As you notice, when you start to reach up to the feet and you become a turtle shell, right? It might not be the optimal space. So find your position where it allows you to draw the head down, extend the neck, drop the shoulders, and then find that stretch, right? So your back is grounded. You're opening your legs into this shape. You're expressing yourself in happy baby in a way that allows you to breathe well, not be overwhelmed and negative thoughts and kind to yourself. And a little layer of trust that maybe who knows without expecting it or hoping for it, but who knows? Maybe there's something more going on. Okay, go ahead and release that. Bring your feet all the way down to the mat, but your legs stay bent and your feet are about as wide as the mat. Take your knees now over to the left. So it's like a windshield wiper, right? Cross your legs over to the left, reach your right arm up over your head back behind you and take your left ankle over your right thigh for a little extra added weight. So a lot of the stuff we've done today, including this, is you can call it stretching, releasing, opening, lengthening psoas and hip flexors, which, you know, psoas is connected to your spine, runs through your pelvis and hips to your femur bones. It's what is responsible and needed for you to walk and run and march and lift. And if it's out of whack, look at everything it's connected to and runs through.

It can have a negative effect on a lot of parts of your body. So come out of that. Good. Nice and patient as you roll over to the other side. He knees to the right, left arm reaching up, right foot over the left thigh. So these basic, some of these basic postures like lunging, pigeon, finding your pigeon, a lot of ways. You can do that six, seven, eight ways. We'll help to again, flexibility, release, lengthening, just bringing attention to it and not sitting all day. And if you sit all day, you know what poses to do now. Low back. You can get a lot of discomfort in the low back from a psoas, maybe a shortened psoas pulling, tugging. Okay, good. Now come back over and let's take a bridge pose. Feet below the knees, press the feet up, up, up, up, up and away. Hips up and away, knees up over your ankles.

Open up hip flexors here and then slowly lower all the way down. Stretch the legs out. Take a deep, deep, deep, big breath in. Exhale everything out. Stay right here. I'll guide you through a little relaxation, but I'll do it from a seated position. Okay, from here again, take a deep breath in and let a big breath out.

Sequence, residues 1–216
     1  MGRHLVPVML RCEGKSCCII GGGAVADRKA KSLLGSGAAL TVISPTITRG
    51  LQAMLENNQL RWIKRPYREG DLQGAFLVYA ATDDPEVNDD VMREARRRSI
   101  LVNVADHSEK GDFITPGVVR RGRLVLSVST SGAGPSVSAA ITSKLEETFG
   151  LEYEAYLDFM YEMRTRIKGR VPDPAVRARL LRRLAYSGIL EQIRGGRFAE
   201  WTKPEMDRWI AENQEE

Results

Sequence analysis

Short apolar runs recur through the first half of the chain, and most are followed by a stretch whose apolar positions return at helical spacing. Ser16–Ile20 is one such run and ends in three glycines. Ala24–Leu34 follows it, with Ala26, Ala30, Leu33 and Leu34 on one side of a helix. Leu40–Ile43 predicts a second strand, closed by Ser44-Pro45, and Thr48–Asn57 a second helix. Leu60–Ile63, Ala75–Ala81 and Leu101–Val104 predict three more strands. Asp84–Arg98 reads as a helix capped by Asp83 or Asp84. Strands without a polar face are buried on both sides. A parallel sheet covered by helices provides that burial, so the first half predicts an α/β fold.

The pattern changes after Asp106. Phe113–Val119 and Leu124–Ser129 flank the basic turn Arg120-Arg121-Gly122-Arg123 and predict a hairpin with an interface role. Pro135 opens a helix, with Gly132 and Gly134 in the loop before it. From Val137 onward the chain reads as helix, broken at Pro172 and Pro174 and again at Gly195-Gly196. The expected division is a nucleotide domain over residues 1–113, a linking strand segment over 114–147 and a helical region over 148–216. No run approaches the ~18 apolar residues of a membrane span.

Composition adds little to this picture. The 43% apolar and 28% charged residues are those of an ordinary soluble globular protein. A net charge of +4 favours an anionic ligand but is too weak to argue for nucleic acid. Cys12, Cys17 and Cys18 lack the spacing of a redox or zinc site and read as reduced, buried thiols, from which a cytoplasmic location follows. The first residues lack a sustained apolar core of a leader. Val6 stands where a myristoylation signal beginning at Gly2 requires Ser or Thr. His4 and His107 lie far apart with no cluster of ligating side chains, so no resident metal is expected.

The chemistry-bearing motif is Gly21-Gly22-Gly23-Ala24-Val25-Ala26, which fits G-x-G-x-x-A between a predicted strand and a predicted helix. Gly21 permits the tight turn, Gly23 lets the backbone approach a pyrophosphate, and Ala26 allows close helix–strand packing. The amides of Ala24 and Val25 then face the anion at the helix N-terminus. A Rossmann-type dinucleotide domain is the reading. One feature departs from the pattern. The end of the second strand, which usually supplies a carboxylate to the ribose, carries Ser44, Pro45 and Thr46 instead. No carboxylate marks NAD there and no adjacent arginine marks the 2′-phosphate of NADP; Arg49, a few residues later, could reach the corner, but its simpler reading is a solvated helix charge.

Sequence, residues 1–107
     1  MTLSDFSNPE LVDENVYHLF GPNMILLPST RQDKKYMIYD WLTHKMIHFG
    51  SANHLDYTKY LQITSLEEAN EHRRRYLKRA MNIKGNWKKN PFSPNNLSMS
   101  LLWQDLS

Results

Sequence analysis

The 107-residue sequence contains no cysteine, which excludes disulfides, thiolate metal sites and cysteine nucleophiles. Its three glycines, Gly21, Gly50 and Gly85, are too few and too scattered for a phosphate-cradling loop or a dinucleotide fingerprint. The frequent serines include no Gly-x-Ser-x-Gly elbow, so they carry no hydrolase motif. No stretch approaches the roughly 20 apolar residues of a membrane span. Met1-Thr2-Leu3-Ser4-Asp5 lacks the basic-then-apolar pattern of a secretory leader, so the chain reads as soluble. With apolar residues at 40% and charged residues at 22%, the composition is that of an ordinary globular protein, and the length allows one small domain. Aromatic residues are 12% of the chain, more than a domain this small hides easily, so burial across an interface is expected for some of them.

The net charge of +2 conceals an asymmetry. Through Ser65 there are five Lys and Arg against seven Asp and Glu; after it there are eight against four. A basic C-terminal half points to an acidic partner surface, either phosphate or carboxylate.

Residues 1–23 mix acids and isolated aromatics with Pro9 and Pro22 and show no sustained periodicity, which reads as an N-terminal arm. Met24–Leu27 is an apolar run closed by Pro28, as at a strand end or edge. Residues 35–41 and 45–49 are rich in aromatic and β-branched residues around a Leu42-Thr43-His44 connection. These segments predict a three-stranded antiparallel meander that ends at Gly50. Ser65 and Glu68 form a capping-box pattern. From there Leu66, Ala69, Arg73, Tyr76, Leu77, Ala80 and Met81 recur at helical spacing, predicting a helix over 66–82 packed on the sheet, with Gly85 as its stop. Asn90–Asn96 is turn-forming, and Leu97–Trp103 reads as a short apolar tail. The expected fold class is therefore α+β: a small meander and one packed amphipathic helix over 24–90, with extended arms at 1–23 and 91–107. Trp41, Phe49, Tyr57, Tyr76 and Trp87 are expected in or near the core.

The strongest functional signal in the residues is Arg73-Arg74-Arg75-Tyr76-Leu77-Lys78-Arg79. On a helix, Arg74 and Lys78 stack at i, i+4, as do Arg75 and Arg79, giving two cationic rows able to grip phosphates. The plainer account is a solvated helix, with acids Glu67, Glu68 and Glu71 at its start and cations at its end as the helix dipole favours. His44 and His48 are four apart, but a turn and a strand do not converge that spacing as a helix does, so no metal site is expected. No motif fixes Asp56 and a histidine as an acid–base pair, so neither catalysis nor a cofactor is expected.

Relax your entire body. As you're closing your practice out today, if you begin, if you stop when we stop or you continue to rest, make sure you end in a nice, meaningful way for you. You know, hands at the heart, forehead to the fingertips, grateful for what you're able to do, what you have. I'm grateful for this practice and being able to share it with you. So thank you for being here. And with that said, because I think I'm at that hour mark, you continue to relax, lie down, maybe move up into a seated meditation. But with that said, I want to sign off and say peace and love and health and wellness and namaste to you, you, you. Thank you.


Jenny S
1 person likes this.
The word that kept coming to mind for me during this sumptuous class was “gooey” ...between the deep, long holds focusing on the hips and the thick, humid air and pouring rain outside from the tropical storm du jour, the water element feels very strong. Perfect synergy going on today 🌧❤️🙏🏻
Lina S
1 person likes this.
I've really enjoyed this class, a good mix of strength and stretch done at the perfect pace. Thank you!
Fabian H
1 person likes this.
love your direction in warrior 2 and then the transition into wide angle forward bend twist.
1 person likes this.
Love this practice ! 
Robert Sidoti
Hi Lina ! Sorry about the 16 day delay in responding. So happy you found value with this class - it's definitely one of my favorite ways to share yoga - especially with my good pal and teacher Kira!! 
Robert Sidoti
Glad that worked well for you Fabian - thanks for your continued engagement here on the comment board - I appreciate it as do others I'm sure! 
Robert Sidoti
Thanks for sharing Josefina  and so happy you enjoyed it!! 
Robert Sidoti
Jenny !! Been a long time - how are you?! A little less 'gooey' these days as summer winds down - bittersweet for sure! 
Misty Eve Hannah
This helped my hips immensely. Thanks so much, feeling more freedom and ease in breathing into my pelvis. Feeling heart and hips spacious and connected. Lots of release still happening...feeling the resonance of this. Thank you!
Robert Sidoti
This is sooooo good to hear Misty Eve Hannah !! I appreciate you sharing here - thank you!!